For me, the high point of the show is this, which manages simultaneously to be a painting, a force field, and an electromagnetic visual discharge. This is an artist sloughing off old consciousness, making something he doesn’t even know is art, giving up nearly all known languages of painting, and maybe violating the laws of nature by making something that seemingly puts off more energy than went into making it.

Photo: © 2010 The Pollock-Krasner Foundation/Artists Rights Society (ARS), New York/Courtesy of the Museum of Modern Art, New York

Slide Header

Address, date, or similar info here.

For me, the high point of the show is this, which manages simultaneously to be a painting, a force field, and an electromagnetic visual discharge. This is an artist sloughing off old consciousness, making something he doesn’t even know is art, giving up nearly all known languages of painting, and maybe violating the laws of nature by making something that seemingly puts off more energy than went into making it.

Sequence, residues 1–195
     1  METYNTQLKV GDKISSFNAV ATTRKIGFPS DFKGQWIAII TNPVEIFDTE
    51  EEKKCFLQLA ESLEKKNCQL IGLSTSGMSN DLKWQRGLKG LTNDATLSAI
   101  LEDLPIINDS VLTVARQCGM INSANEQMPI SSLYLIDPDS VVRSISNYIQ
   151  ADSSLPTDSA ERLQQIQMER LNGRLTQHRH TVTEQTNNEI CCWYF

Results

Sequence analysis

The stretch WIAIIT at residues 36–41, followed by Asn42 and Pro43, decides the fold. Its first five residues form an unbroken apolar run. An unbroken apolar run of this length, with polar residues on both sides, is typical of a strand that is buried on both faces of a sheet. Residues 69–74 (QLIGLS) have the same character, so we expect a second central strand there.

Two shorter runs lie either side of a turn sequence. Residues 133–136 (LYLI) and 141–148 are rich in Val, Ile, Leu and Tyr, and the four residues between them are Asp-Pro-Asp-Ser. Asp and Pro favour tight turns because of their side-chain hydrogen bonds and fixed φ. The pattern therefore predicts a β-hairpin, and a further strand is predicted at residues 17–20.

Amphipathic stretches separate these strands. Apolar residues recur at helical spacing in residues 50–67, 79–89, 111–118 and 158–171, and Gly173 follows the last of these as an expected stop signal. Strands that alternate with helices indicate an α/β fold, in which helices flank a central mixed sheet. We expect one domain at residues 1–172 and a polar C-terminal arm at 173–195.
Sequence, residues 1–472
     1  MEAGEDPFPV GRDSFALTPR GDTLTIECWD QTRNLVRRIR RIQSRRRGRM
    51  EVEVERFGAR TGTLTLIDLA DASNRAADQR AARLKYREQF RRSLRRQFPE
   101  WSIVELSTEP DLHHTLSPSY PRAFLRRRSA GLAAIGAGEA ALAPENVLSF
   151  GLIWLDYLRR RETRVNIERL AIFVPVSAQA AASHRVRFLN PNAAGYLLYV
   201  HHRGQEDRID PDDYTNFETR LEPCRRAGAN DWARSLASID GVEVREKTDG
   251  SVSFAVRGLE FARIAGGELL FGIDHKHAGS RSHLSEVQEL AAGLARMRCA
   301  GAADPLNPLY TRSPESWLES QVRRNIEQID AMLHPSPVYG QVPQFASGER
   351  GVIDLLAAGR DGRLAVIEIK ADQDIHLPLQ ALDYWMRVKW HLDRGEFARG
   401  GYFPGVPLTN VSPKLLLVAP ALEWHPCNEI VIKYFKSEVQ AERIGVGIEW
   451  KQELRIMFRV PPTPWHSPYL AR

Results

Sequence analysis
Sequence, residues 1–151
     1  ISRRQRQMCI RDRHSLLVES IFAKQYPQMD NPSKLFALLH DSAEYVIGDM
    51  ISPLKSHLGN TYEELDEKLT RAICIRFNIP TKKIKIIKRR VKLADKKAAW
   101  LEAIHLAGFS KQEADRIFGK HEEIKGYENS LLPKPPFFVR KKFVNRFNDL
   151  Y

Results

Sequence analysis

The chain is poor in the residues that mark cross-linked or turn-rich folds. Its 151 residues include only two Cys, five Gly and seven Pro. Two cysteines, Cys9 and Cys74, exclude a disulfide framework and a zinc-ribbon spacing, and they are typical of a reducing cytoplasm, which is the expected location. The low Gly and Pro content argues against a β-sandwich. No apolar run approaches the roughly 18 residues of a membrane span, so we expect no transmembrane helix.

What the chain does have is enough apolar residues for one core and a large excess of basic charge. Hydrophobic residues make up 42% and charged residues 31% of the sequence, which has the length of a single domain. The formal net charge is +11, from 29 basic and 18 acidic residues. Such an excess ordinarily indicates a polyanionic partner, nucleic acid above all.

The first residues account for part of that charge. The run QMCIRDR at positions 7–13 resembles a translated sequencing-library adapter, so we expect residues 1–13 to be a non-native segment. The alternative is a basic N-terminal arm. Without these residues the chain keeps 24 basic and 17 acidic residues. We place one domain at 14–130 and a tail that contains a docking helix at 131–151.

Photo: © 2010 The Pollock-Krasner Foundation/Artists Rights Society (ARS), New York/Courtesy of the Museum of Modern Art, New York

Slide Header

Address, date, or similar info here.

For me, the high point of the show is this, which manages simultaneously to be a painting, a force field, and an electromagnetic visual discharge. This is an artist sloughing off old consciousness, making something he doesn’t even know is art, giving up nearly all known languages of painting, and maybe violating the laws of nature by making something that seemingly puts off more energy than went into making it.

Photo: © 2010 The Pollock-Krasner Foundation/Artists Rights Society (ARS), New York/Courtesy of the Museum of Modern Art, New York

Slide Header

Address, date, or similar info here.

For me, the high point of the show is this, which manages simultaneously to be a painting, a force field, and an electromagnetic visual discharge. This is an artist sloughing off old consciousness, making something he doesn’t even know is art, giving up nearly all known languages of painting, and maybe violating the laws of nature by making something that seemingly puts off more energy than went into making it.